On Wednesday, May 17, 2023, Word for Word, Southern New Hampshire University’s (SNHU) online literary series, convened a panel of indie-publishing experts to explore nontraditional paths to publication. Hosts Jacob Powers and Paul Witcover, the associate deans of SNHU’s online creative writing programs, welcomed three distinguished panelists: Gavin Grant, Michael La Ronn and Terry Maggert.
The following is part III of an excerpted transcription of the interview with Gavin, Michael and Terry, edited for the page (Take a look at Part I and Part II here):
W4W: A lot of times we think of a self-published author as somebody who’s got tunnel vision. They want their book out there. That’s what they’re focusing on exclusively. And yet what I’m hearing from all of you is that there’s actually more of a sense of community and even responsibility, maybe, for each other and for the health of the publishing industry itself on the indie and small press level. Is that accurate?
La Ronn: I would say so. I would say that tunnel vision you referenced, it still does exist.
When you publish your first book, in a way, that tunnel vision is actually helpful because by focusing on getting that first book out there, you can make all the mistakes in the world. And then when you publish that first book, then you really start playing the game, so to speak. So the sooner you get that first book out there, it’s actually a good thing.
W4W: We’ve talked about the money that it takes up front to spend on the various components of self-publishing your book. And obviously, we could see from Gavin’s response that these costs don’t go away when you’re dealing with a small press, it’s just that they’re not borne directly by the author.
What about the other side of the equation, though, which is getting your book out there, getting it into stores, getting it in front of readers? How is that done? What are the costs involved in that? And again, what are some of the positive steps you can take and what are some of the dangers to avoid?
Grant: I would say that everything you can do before the publication date is worth three times as much as everything that comes after the publishing date. The getting the word out.
People are simple beasts. If everybody is talking about something, we want to know what that thing is. So you want to try and get as many people talking about your book before the book comes out so that when the book comes out, people are like, ‘oh, there’s that thing that everybody’s talking about. I want that thing.’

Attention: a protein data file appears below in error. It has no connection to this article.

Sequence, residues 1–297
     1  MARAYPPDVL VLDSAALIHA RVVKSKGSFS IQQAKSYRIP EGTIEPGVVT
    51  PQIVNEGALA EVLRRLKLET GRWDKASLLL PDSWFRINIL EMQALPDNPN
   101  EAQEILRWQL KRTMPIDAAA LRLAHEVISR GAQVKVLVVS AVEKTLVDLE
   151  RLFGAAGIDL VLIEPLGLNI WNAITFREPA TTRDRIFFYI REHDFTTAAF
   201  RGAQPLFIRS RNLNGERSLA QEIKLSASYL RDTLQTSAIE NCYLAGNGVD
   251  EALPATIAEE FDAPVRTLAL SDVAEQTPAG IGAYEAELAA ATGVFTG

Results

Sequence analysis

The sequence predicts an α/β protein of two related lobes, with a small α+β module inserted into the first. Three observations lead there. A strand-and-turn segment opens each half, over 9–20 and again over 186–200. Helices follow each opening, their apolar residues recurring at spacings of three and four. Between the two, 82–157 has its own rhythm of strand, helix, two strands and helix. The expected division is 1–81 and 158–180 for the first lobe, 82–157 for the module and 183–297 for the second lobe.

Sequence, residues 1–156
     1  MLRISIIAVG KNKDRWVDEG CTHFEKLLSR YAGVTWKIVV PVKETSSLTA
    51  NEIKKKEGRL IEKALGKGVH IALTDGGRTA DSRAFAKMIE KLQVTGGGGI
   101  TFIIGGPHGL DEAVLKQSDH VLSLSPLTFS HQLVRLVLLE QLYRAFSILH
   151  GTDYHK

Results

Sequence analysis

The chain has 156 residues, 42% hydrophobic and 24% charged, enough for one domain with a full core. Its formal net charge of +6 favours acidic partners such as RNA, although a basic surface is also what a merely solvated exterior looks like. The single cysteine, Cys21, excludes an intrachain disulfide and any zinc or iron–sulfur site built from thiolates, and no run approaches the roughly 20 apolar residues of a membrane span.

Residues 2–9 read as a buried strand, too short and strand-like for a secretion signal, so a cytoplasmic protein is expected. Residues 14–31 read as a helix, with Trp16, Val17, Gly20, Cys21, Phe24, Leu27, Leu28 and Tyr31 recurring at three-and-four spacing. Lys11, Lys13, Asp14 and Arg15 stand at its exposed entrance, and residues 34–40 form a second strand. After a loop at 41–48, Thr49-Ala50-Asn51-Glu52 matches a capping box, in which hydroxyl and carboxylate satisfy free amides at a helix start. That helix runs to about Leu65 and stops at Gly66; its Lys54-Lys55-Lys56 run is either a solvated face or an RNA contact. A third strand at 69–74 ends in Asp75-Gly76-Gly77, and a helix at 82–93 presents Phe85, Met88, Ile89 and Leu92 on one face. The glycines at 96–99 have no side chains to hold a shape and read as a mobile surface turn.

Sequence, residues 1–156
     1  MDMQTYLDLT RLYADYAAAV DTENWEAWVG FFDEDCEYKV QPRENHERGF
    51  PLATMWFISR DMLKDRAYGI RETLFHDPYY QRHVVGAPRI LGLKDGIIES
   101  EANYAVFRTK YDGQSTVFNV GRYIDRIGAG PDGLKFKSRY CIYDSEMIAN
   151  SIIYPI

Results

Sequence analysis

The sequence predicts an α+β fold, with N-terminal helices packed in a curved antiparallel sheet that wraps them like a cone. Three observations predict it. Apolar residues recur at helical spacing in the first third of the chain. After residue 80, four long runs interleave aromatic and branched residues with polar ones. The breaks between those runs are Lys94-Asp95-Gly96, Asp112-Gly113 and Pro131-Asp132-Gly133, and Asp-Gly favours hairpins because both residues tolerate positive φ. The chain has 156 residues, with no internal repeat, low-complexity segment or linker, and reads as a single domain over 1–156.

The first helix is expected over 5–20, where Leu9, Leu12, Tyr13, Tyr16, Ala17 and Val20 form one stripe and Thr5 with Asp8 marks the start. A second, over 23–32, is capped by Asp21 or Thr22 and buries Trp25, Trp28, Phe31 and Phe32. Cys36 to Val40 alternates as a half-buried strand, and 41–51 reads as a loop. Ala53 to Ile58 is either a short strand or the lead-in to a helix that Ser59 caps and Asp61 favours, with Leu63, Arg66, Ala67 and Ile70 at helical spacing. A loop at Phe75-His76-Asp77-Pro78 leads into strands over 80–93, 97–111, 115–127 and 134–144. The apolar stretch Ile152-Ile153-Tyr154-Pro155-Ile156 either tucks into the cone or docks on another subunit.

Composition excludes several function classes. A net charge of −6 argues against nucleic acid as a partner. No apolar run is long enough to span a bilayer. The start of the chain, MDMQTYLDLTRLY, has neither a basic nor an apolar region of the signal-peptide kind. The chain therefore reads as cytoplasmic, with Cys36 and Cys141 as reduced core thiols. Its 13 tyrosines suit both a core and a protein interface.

This, of course, is immensely hard, because everybody else is also saying, ‘but you should talk about my thing. You should talk about my TV show. Have you heard about kombucha? It’s fascinating.’ No, no, no, stop, talk about my books, my books, my books. So I really liked what people were saying there about the community.
Year in, year out, we sell about 65% print books, 35% e-books. Even when we have an e-book that takes off, it still comes out to about that.
A lot of our time is spent reaching out to independent bookstores. And we now have an independent bookstore in East Hampton. One came up for sale, and we were like, well, we cannot afford a bookstore, and then it turned out we could afford a bookstore, because this lady really wanted to retire. So good news for us. But it’s really hard to stock an indie-published book in a bookstore if no one’s heard of it.
It’s been a real sort of eye-opening reminder that you need to get the books out to other booksellers before the book is published. You need to send (it) out through the American Booksellers Association, through their monthly books of galleys. You need to send it through your distributor. You need to find out that Emma at Books Are Magic loves this kind of book; send it to her. Daily at Common Books in Minneapolis, they love this kind of book; send it to them.
Maggert: There is a group of people out there that are waiting to make you a success. They will evangelize for you. They are called librarians. Every state in the United States has a library meeting where all the librarians get together and decide what they’re going to buy that year. And most of them, they let you walk in. If you’re wearing shoes, you can walk in.
So I found out. I said, wait a minute, let me get this straight. This is an entire group of people with purchasing control over the budget for the state of Tennessee, and all I have to do is take some galley copies and shake hands and be myself and say, ‘hey, I’m Terry, this is my fifth novel; it’s way better than my first novel,’ and that was it? And that was it.